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A just transition to sustainable energy requires holding polluters accountable

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The Biden administration and the nation’s top miners’ union agree that a clean, healthy future means a future without coal and that we need to bring coal communities along with us during this transition. As members of Congress and the administration identify the needed investments to clean up and revitalize coal communities, we shouldn’t let the companies that have benefitted and continue to benefit from mining and combusting coal off the hook. 

For decades, coal mining and combustion has permeated communities with harmful pollution. From coal extraction – where the tops of mountains are sometimes blown off, polluting local water supplies and destroying ecosystems – to combustion, which leaves behind ash laced with toxins, the practices are correlated with higher rates of death from cancer and cardiovascular disease as well as birth defects in surrounding communities. 

To protect communities from the coal mining and combustion still ahead, the government should put a stop to mountaintop removal practices and better regulate coal ash. The latter should include improving monitoring of surface and groundwater, but also eliminating loopholes that allow existing operators to seek exemptions.

Much of the challenge centers on legacy pollution. This is a problem the government has been trying to solve since the 1970s. Congress created the Abandoned Mine Land fund to cover the cost of reclaiming mines abandoned before the bill became law in 1977. More than four decades later, the fund is still more than $10 billion short of cleaning up these mines. Coal-mining operations are required to funnel only a small fraction of their earnings into the fund each year — $150 million in 2019. 

At that rate, it would take more than half-a-century to clean up the old, abandoned mines. Moreover, the amount mining operators are required to pay is proportional to the amount of coal produced, so their contribution will only go down with time unless changes are made to increase their responsibility for these costs. Congress can increase these rates as it works to pass an extension of the fund.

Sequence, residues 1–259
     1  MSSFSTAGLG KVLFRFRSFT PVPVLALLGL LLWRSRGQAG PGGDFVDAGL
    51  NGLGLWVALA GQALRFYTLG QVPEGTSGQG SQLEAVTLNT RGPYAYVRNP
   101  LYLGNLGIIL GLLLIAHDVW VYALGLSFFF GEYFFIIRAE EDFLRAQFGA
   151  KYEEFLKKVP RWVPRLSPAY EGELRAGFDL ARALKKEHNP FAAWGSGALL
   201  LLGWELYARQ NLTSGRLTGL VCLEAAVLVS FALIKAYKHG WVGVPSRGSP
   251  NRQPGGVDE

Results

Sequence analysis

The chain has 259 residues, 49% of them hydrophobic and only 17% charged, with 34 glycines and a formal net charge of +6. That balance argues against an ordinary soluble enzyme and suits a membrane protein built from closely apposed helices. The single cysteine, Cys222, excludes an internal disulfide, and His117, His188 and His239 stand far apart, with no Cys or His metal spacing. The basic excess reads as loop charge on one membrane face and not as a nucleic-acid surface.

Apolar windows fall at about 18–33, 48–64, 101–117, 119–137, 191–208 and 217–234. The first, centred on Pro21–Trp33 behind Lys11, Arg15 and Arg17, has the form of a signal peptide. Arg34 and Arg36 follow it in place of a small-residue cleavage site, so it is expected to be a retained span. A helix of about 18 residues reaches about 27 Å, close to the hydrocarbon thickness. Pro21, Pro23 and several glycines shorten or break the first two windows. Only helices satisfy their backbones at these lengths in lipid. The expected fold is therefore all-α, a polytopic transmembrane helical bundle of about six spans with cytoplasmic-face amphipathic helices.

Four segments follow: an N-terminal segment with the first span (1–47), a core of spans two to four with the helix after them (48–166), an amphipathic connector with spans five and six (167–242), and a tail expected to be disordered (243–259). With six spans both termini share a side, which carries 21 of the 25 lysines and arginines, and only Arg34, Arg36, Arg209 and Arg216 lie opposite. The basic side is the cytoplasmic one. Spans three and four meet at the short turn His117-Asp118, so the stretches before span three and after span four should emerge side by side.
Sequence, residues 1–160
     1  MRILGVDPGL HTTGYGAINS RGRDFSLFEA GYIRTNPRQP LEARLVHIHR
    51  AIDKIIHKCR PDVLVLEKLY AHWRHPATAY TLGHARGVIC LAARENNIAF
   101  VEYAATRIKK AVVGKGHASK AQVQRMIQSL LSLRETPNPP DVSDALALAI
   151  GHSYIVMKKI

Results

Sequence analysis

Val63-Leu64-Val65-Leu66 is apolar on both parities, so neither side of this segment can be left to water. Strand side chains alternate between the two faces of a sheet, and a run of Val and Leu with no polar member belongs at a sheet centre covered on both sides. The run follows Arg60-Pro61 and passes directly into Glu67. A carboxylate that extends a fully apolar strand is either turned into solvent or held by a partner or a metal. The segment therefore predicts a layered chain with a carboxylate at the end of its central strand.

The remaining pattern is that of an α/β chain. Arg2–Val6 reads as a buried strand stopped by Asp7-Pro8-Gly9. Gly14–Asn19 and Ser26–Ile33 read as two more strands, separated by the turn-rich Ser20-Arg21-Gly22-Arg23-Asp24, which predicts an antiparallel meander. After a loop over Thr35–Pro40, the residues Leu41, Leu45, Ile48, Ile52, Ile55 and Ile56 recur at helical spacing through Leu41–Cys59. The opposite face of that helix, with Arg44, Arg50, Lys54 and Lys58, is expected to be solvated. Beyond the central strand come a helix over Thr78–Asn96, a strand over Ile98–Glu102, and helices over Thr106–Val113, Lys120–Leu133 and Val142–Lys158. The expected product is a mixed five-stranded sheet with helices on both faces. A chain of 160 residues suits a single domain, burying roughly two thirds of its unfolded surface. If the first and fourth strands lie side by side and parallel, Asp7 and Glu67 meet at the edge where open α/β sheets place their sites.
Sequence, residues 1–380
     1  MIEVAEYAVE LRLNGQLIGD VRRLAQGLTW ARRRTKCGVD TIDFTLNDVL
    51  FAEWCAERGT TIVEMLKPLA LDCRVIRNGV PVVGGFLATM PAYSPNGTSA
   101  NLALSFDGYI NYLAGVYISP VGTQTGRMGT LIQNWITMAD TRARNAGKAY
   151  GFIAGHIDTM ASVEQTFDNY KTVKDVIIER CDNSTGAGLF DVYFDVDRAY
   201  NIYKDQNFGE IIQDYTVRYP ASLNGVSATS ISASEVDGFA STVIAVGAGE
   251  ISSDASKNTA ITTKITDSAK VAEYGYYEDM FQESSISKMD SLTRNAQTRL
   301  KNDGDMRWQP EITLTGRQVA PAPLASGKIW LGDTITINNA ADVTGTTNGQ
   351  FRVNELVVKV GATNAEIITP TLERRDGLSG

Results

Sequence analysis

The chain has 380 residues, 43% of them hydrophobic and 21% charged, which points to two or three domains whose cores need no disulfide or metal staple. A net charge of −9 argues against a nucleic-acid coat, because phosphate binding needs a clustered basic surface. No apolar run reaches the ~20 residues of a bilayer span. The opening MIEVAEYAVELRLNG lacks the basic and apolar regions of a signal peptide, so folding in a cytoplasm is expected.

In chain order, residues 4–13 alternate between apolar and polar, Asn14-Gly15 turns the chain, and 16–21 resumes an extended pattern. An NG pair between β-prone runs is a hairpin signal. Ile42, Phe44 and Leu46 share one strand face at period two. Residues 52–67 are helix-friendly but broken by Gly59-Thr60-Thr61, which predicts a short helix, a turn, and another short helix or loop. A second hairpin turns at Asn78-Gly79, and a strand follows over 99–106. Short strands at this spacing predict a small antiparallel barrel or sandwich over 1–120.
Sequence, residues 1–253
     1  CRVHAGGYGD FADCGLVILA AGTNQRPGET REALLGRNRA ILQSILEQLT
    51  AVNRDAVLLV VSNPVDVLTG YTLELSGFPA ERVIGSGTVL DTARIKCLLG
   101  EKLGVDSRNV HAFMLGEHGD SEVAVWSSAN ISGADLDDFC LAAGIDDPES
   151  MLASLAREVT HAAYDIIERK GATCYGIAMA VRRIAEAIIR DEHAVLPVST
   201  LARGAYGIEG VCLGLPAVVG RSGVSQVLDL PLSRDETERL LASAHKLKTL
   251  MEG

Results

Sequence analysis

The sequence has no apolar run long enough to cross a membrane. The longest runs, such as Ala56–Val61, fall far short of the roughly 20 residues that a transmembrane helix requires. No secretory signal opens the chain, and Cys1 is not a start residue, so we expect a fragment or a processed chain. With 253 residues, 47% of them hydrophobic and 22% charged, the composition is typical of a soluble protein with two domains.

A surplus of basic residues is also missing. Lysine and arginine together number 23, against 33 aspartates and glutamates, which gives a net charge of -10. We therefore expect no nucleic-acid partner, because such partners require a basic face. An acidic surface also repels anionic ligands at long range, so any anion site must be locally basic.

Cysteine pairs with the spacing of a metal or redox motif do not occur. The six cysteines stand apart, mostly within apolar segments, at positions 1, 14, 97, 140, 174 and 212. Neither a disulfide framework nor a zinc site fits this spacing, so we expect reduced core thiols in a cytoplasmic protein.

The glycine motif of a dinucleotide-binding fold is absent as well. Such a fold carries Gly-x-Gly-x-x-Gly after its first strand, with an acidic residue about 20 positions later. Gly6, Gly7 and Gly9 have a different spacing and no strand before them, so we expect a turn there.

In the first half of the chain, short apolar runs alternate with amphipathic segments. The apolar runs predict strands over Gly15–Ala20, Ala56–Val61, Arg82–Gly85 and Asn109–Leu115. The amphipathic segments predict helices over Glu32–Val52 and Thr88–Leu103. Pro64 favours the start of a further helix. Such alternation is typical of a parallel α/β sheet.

There is also the issue of unreclaimed or poorly reclaimed mining sites since 1977, a time punctuated by more than 60 coal bankruptcies. Coal companies were supposed to be responsible for these restorations. But too often, going into bankruptcy allowed them to shed clean-up responsibilities. An escape route known as “self-bonding” permitted this to occur. Coal companies guaranteed that they could cover future costs by demonstrating that they had sufficient funds on hand, guarantees which fell short when the companies became insolvent. Congress should end the practice of self-bonding – as the House’s CLEAN Future Act does – and force companies to confront these clean-ups on their own moving forward through upfront insurance. Further, Congress should amend the federal bankruptcy code to prioritize payment for reclamation and cleanup costs.

Pollution from coal mining and combustion makes people sick. That pollution can also decrease home values and drive businesses away. Instead of counterbalancing these economic effects with jobs, a shuttering coal industry has left pits of pollution and many unemployed. There are half as many workers employed by the coal industry today than there were in 2011, with 7,000 left unemployed just since COVID-19 hit. With their economies tied to the mines, coal communities lose an estimated four jobs for every unemployed coal worker. And yet, more layoffs will come as the country transitions away from coal-fired power. 

The work to revitalize these communities must be comprehensive. Identifying federal resources, as the president’s coal working group did in its initial report, and coordinating those resources are good first steps. But making meaningful progress ultimately depends on putting people to work in good paying jobs, sooner rather than later.

Here, coal companies can again bear some of the burden, rehiring and training coal workers to perform clean-up jobs. The federal government can help encourage this by offering tax credits as incentives. This would supplement the identified federal grant programs, as well as extensive job training programs for workers to learn new skills and join other industries.

Coal companies have prioritized their wallets over their workers for too long. It’s time to ensure that the communities that suffer from both job losses and decades of pollution have their chance to rise. The Biden administration knows that a just transition to a sustainable energy future is possible only if these communities are safe, healthy and economically vibrant. But a just transition also requires holding the polluters accountable. 

Mark Templeton is a clinical professor of law and director of the Abrams Environmental Law Clinic at the University of Chicago Law School. Daniel Abrams, University of Chicago Law Class of 2021, assisted in the research supporting this piece.

Tags CLEAN Future Act Coal Coal mining Energy Mining

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